EVER since Michael Clarke was handed the leadership baton, it seemed that Pup was on a recruitment drive.
A campaign to convince the many knockers that this ”young punk” surely can be man to hold what many believe to be the most important job in this country.
To fight off the opinion that the young man who has sported the peroxide look, worn the ear rings, driven the fast cars and had the supermodel companions surely couldn’t follow in the footsteps of street fighters like Ricky Ponting, Steve Waugh and Mark Taylor.
But after a breathtaking triple century, Clarke’s once empty bandwagon is now overflowing.
His demolition of India in Sydney was sublime to say the least, and exemplified leadership at its very best.
Shots all around the wicket, with a level of confidence and timing rarely seen from his unsponsored blade.
I didn’t think I would ever be more impressed with a Michael Clarke knock than his 151 against South Africa in Cape Town in November.
That was a gutsy, brave knock that ensured his side complied a respectable total.
There are comparisons to both those knocks, with Australia 3-37 when he came to crease (3-40 at Cape Town), but this innings soon changed from a dog-fight to a master class.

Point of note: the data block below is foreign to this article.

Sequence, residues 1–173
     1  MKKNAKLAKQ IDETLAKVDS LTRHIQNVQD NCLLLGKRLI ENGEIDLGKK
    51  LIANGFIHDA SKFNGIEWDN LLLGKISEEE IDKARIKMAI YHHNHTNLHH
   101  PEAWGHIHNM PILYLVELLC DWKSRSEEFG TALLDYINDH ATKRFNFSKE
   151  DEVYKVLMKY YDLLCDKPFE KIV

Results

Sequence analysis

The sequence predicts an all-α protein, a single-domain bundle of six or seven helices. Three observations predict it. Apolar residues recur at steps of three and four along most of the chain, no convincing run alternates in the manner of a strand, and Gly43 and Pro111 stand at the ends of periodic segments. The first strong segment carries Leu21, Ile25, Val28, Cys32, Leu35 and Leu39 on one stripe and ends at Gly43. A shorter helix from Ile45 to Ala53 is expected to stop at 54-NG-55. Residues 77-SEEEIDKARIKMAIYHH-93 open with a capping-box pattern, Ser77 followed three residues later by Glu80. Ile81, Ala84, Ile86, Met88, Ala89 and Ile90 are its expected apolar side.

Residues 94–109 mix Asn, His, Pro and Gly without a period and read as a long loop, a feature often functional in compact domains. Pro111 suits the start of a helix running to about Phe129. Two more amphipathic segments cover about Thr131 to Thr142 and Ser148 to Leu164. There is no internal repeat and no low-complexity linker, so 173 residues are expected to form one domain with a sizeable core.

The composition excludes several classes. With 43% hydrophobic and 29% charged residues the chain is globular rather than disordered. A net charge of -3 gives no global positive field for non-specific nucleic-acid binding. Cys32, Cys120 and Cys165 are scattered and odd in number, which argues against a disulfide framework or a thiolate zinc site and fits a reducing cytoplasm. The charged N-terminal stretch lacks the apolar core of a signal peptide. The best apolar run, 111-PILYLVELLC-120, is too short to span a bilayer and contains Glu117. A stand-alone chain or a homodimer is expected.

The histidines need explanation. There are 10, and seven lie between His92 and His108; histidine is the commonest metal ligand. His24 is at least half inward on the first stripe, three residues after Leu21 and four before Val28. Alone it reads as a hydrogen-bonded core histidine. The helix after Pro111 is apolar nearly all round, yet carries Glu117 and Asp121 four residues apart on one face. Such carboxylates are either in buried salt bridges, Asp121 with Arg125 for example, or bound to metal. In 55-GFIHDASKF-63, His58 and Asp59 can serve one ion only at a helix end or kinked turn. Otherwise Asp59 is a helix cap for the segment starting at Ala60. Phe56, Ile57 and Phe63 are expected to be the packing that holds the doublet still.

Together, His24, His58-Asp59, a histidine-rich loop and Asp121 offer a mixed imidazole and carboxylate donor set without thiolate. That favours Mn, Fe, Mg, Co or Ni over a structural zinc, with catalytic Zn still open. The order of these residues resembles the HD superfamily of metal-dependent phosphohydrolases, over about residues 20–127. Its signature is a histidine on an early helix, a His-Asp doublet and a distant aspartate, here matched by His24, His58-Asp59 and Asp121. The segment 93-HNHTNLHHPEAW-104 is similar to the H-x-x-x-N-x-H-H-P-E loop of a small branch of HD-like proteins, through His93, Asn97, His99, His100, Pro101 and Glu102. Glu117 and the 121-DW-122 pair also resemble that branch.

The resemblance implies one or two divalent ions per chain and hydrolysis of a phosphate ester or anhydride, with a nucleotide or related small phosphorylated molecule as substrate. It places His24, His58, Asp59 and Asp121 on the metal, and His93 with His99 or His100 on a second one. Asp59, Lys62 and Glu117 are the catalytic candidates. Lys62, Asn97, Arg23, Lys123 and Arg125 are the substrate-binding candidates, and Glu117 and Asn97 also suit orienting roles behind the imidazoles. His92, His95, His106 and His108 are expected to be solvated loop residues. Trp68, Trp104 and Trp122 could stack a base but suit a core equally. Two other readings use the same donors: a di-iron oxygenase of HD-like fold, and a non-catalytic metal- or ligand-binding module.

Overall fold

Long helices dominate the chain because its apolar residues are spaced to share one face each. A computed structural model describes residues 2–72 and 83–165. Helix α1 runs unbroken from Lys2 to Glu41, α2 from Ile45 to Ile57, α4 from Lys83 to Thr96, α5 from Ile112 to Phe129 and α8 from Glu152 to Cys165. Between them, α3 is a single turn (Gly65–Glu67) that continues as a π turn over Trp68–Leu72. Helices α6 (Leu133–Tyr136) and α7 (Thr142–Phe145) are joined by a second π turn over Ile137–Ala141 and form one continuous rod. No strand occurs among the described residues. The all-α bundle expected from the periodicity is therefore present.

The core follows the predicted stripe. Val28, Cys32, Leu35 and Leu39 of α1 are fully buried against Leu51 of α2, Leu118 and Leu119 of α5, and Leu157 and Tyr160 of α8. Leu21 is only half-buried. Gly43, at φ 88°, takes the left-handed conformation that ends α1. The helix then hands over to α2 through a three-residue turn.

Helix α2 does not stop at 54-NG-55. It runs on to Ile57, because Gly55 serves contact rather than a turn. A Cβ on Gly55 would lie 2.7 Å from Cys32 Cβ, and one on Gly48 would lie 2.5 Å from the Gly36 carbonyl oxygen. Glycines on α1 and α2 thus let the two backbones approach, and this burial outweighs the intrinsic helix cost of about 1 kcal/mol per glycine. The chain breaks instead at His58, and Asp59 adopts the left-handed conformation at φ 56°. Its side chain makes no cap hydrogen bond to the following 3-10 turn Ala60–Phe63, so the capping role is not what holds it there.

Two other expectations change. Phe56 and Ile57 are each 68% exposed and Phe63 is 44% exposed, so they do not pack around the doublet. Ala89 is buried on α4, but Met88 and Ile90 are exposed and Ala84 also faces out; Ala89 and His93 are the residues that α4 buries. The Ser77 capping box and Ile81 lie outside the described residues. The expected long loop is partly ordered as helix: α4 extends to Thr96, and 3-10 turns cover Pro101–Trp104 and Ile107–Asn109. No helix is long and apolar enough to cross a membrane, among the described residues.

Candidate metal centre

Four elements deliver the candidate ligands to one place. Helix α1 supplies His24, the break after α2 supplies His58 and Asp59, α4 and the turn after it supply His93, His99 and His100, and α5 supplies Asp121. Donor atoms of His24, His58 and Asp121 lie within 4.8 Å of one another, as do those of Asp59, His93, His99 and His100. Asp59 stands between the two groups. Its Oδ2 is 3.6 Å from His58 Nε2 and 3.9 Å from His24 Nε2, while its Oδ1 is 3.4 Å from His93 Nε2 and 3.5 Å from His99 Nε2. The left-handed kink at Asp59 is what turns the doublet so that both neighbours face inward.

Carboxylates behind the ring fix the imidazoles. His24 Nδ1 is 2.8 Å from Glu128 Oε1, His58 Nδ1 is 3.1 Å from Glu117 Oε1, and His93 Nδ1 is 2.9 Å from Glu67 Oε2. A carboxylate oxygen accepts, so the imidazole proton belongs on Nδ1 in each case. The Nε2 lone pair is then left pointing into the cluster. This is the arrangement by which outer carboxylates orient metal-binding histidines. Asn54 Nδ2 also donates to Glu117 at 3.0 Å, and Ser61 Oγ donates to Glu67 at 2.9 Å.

The other major argument against Clarke becoming our new leader was at the time he was barely demanding a place in the team.
His unbeaten 329 was his fourth Test ton since taking charge, in comparison to none in the 12 months leading up.
Combined with his cleverness in the field placements and with bowling changes, it’s nothing but a big tick for the 30-year-old.
And the cherry on top of our new-found love for Clarke is his unselfish decision to call time on his innings.
Even with the forecast of rain today, he could have batted on until deep into final session and had a crack at the magical 400, but put the team first.
But like any relationship, one event could easily end this bout of ”Puppy Love”.
A disastrous Ashes campaign, even if Clarke himself stands up with the bat, is all that it will take to get people off-side again.
As impressive as this current form is, it is against an Indian team which suffers from major cases of homesickness.
England are still the benchmark, and even with the likes of James Pattinson, Pat Cummins, Mitch Marsh, Nathan Lyon and Usman Khawaja there is hope, but there’s still a lot of work needed to done before 2013 rolls around.
Losses to New Zealand and an inability to pass 50 against South Africa to close 2011 is evidence of that.
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